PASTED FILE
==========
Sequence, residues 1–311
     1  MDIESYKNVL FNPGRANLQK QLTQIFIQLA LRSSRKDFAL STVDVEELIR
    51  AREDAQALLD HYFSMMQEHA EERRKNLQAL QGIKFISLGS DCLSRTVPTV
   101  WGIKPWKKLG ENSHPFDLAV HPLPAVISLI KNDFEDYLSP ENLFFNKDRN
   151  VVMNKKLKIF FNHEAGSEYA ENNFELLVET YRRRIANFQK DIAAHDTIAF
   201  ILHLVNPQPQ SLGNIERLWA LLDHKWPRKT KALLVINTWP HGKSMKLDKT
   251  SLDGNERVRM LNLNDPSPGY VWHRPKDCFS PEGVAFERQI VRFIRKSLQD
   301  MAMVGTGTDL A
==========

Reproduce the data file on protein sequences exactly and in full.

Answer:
Sequence, residues 1–311
     1  MDIESYKNVL FNPGRANLQK QLTQIFIQLA LRSSRKDFAL STVDVEELIR
    51  AREDAQALLD HYFSMMQEHA EERRKNLQAL QGIKFISLGS DCLSRTVPTV
   101  WGIKPWKKLG ENSHPFDLAV HPLPAVISLI KNDFEDYLSP ENLFFNKDRN
   151  VVMNKKLKIF FNHEAGSEYA ENNFELLVET YRRRIANFQK DIAAHDTIAF
   201  ILHLVNPQPQ SLGNIERLWA LLDHKWPRKT KALLVINTWP HGKSMKLDKT
   251  SLDGNERVRM LNLNDPSPGY VWHRPKDCFS PEGVAFERQI VRFIRKSLQD
   301  MAMVGTGTDL A